Hi there, I am Cristina from the editorial team. October flies as fast as Autumn! But still, we shared some common memories in this month’s journey. Now let’s take five minutes to look back on what inspired us in October.
Home Design Inspiration
White has been the colour of choice for new kitchens for a long time. Other colours for interior fashion come and go, but white has stood the test of time. A quick glance at kitchen trend predictions for 2020 and beyond will tell you in no uncertain terms that white is back on the menu.
Architect Shirley Shen designed a single-story, zero-barrier home for her grandparents in Canada, where they can age in place. As her grandparents are two Chinese scholars, Shen used their cultural background as the basis, but designed it in a modern way.
Halloween is the most anticipated festival in October. It’s a thrilling time to play dress-up and trick-or-treat, also definitely the perfect chance to show your creativity. However, using pumpkins and skulls every year to decorate your house may just bore yourself and your friends. Here we recommend some freaky but inspiring decorations to get your home into Halloween spirit!
This month, NONAGON.style talked with a Taiwanese brand No.30 and an Australian designer Audrey Gachet, exploring their creative inspiration.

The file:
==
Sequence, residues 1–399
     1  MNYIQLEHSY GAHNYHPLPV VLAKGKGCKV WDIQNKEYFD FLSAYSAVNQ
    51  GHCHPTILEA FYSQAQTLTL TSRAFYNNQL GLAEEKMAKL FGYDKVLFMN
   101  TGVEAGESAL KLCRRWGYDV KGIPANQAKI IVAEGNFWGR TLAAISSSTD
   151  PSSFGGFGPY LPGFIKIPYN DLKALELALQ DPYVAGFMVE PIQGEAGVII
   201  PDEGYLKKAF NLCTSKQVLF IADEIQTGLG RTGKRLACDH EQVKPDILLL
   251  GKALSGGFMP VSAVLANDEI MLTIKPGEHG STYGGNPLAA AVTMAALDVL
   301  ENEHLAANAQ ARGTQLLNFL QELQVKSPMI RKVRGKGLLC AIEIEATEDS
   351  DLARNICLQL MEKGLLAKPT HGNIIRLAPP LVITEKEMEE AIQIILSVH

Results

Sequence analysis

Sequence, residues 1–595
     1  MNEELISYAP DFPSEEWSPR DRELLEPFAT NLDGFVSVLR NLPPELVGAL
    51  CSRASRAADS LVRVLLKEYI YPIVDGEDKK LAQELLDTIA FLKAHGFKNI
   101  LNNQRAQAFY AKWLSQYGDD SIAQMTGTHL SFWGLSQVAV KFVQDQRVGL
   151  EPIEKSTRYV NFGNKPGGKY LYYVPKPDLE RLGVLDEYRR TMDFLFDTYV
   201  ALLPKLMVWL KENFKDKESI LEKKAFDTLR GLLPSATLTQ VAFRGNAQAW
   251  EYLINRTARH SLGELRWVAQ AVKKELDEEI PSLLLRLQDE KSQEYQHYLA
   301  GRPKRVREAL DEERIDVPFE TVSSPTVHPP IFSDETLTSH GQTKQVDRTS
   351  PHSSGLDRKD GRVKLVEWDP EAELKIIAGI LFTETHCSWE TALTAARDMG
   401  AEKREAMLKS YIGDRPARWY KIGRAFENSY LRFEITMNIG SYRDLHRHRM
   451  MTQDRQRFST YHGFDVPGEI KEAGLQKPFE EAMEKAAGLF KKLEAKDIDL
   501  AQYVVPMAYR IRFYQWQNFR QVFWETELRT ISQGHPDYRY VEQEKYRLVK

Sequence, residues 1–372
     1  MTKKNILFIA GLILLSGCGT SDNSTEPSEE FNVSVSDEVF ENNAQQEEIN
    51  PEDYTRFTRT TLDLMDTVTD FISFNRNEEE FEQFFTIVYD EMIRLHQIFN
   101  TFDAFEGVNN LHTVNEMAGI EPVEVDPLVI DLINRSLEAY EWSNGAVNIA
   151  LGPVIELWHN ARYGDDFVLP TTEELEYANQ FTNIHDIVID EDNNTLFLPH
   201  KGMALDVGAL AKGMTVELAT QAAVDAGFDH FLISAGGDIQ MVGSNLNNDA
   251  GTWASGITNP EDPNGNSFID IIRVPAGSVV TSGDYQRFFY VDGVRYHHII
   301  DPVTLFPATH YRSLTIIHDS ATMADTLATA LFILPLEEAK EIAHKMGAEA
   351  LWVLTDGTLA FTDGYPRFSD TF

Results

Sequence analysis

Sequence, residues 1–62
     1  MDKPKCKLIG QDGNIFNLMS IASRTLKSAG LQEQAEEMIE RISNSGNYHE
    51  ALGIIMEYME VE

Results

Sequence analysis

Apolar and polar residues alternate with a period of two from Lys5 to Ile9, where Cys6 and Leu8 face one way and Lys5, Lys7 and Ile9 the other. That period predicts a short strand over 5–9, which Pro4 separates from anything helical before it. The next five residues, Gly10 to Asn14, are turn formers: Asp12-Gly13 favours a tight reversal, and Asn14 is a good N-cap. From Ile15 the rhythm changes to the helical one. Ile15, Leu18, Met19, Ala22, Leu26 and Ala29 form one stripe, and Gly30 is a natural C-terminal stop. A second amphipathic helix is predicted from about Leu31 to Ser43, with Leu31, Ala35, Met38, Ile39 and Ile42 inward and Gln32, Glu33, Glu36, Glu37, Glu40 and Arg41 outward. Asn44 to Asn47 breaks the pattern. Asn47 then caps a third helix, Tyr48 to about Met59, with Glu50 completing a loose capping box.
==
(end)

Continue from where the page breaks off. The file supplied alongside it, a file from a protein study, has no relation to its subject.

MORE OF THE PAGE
From OEM to design brand, No.30 develops with a vision to connect consumers and products. Their goal is to bring back mindfulness into the user’s life. As one of No.30’s representative products, “Ganbei” Bottle Opener won a world-renowned Red Dot Award in 2015, because of its unique, timeless and practical design.
Born in Australia, grew up in South-west France, artist Audrey Gachet took her love for nature and beach to another step by starting her own hand-paint home product line. Audrey is known for her delicate watercolour hand paint skills. With each and every stroke full of tender and sentimental touch, every item is unique.
South Korean photographer Kim Woo Young held his debut exhibition in Hong Kong this month. He uses the camera as the recording tool, to capture the meaning of dilapidated and abandoned settings, especially those that are marginalized by the modern era, society and people. At the very first sight, it is hard to recognize his works as photographs but as paintings. Due to the minimalistic nature and the little-to-none indications of the third dimension, Kim’s work just seems like lifeless walls of colours.